Subsidies, Quality, and Regulation in the Nursing Home Industry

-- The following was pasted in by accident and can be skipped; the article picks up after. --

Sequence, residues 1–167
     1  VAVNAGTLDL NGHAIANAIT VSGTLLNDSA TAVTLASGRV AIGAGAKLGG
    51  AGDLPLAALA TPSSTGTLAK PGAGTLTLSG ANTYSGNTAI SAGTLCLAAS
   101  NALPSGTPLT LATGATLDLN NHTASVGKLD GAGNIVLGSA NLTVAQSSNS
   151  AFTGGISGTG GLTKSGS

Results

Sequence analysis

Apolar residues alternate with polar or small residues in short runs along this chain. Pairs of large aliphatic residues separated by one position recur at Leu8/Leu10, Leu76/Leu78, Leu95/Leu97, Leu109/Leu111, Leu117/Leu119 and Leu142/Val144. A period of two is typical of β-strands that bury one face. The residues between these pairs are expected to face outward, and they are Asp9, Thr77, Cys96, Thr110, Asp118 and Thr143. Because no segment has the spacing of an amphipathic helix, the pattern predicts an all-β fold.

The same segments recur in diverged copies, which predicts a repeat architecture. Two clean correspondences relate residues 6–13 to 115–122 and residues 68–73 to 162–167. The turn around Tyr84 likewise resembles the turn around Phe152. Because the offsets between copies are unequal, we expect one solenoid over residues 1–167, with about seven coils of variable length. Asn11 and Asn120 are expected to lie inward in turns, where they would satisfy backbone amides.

This paper analyzes the impact of the Medicaid patient subsidy and Certificate of Need (CON) cost containment programs on nursing home behavior.The analysis is complicated by the fact the both proprietary and "not for profit" nursing homes exist, and by the problem that qualityis not directly observed. Medicaid pays the for the care of the financially indigent by directly reimbursing nursing homes at a predetermined rate. As a result, nursing homes can price discriminate between patients who finance their care privately and patients whose care is financed by Medicaid. Nevertheless, nursing homes are required to provide the same quality to both types of patients. Typically, Medicaid reimbursement rates are set by a cost plus method, where the reimbursement per patient is equal to average cost plus some return referred to as the Medicaid "plus" factor. Our results show that Medicaid policymakers face a trade-off between quality and the access of poor to nursing home care. Specifically, we find that increases in the Medicaid "plus" factor cause nursing homes to reduce quality and substitute Medicaid patients for "private pay" patients. These quality differences can be quite large. In fact, in our sample, we find that homes who receive high Medicaid "plus" factors provide hundreds of thousands of dollars less in goods and services than homes who receive average Medicaid "plus" factors, certris paribus. CON attempts to control nursing home expenditures by limiting the supply of beds with capacity constraints and entry barriers. Our analysis shows that CON policy makers are forced to trade off containing the size of the industry (and therefore total Medicaid payments) against quality and access of the poor to nursing home care. Specifically, we find that the capacity constraints and the reduced competition from the entry barriers lead to lower quality and fewer Medicaid patients receiving care.